There are support groups for pregnant women who are choosing adoption which allows you to be with women who may be in a similar situation as you. You may even reach out to religious leaders, counselors and teachers if you feel comfortable doing so, especially if you already have an established relationship of trust with those people.

If your choices outside of your family are limited, you can always contact an adoption agency for help. When you choose to work with an adoption agency, you can have an adoption specialist that will support you no matter what. Many agency have an adoption hotline with 24/7 availability when you need your questions answered or counseling at any time. With a full service adoption agency, your adoption specialist could be with you throughout your entire adoption process from beginning to end and beyond.

Where to Find Help and Resources

If you are currently living with your parents or other family members who are unsupportive of your adoption decision, your situation may require more resources. The worst case scenario is that your family may cut you off from the things that you need like shelter and financial help.

You can still get the help that you need.

Housing for Prospective Birth Mothers

Many adoption agencies and social services offer housing for pregnant women. Laws may vary by state and agency, but many pregnant women can have the option of living in an apartment owned by an agency or in homes established by maternity centers. In some situations, short-term living in a hotel, extended stay hotel or motel can be an option for you through an adoption agency.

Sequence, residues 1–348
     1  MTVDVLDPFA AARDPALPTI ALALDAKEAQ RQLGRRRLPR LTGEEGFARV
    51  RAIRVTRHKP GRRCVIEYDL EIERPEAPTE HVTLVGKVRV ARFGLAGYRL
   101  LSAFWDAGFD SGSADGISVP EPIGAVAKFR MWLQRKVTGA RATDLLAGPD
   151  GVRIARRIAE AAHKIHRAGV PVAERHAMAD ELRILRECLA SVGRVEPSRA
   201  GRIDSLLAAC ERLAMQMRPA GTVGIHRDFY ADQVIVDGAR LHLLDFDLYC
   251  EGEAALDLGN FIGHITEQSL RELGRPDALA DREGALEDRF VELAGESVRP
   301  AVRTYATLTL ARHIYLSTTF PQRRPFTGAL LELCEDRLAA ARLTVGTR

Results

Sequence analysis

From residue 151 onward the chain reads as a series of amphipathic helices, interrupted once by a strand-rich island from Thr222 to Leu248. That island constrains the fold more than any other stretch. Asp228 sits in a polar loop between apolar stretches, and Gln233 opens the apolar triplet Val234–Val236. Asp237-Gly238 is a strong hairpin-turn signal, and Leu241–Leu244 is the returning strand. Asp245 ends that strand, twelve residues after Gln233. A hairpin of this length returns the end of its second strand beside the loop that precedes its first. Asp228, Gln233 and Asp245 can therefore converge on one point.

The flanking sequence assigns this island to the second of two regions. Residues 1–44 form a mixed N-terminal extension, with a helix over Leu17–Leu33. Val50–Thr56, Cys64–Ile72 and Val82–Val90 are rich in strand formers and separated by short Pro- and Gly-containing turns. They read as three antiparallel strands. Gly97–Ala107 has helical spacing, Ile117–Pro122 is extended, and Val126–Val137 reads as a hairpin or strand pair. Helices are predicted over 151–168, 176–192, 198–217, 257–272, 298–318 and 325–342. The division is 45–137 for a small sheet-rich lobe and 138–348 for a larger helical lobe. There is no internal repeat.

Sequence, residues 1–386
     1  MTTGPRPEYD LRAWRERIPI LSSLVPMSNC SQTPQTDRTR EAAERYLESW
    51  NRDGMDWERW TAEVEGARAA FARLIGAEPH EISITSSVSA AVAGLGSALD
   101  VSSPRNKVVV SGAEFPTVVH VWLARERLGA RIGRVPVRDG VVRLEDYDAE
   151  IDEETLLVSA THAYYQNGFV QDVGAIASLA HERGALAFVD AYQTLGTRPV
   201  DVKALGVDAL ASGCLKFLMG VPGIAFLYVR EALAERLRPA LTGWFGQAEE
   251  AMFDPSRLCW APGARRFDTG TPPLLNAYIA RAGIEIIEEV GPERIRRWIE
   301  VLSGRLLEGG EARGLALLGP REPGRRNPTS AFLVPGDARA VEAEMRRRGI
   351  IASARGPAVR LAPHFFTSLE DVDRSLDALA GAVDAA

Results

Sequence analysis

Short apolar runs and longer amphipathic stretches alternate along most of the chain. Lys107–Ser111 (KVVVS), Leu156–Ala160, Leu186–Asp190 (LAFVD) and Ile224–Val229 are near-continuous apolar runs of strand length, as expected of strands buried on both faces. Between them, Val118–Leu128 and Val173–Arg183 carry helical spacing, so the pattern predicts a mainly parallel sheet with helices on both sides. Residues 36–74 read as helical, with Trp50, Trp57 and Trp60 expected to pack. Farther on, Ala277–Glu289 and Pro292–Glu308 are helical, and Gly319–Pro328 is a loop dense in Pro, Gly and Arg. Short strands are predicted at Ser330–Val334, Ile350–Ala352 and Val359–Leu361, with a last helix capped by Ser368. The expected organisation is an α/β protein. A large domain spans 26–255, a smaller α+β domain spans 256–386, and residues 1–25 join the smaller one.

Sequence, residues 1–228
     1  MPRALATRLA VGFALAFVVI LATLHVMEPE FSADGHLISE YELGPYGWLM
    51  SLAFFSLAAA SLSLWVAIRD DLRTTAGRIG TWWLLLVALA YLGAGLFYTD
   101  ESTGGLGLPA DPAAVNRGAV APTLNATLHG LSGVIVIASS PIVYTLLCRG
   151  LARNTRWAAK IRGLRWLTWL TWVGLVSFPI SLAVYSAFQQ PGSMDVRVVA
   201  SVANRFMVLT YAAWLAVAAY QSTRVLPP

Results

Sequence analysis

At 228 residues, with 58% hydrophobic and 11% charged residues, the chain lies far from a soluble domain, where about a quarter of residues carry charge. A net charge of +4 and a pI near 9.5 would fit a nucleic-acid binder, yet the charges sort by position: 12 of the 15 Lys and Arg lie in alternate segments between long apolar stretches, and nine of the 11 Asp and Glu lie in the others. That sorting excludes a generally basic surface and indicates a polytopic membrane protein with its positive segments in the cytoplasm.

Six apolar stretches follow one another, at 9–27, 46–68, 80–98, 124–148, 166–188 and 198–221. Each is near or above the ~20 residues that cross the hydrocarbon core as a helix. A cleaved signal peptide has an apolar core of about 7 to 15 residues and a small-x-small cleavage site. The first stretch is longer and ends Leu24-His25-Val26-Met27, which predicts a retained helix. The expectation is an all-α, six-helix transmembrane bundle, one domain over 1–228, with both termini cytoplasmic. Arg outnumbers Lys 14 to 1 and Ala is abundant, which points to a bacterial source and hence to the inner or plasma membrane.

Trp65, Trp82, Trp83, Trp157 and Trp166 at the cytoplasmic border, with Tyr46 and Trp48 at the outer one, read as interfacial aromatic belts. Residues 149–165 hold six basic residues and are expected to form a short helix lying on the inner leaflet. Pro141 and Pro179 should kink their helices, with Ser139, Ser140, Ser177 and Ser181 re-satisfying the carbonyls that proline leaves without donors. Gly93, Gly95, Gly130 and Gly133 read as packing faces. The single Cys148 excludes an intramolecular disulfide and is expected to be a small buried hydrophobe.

Other Expenses for Prospective Birth Mothers

There are options for financial assistance in the form of living expenses. Living expenses can include items such as maternity clothing, food, rent and necessary transportation. If you work with an adoption agency that offers this type of assistance, you could qualify to have your living expenses paid by your adoptive family of choice. You will not be paid directly and the amount of assistance must be determined by the court.

You Can Start Your Adoption Process Today

Support is important for you when you are considering adoption. If you cannot get the support you need from your family you can still have a successful adoption.

When you are ready, you can follow the three steps below to start your adoption journey.

Step 1: Know that adoption is right for you.

Step 2: Get the adoption information that you need.

Step 3: Contact an adoption professional at any time.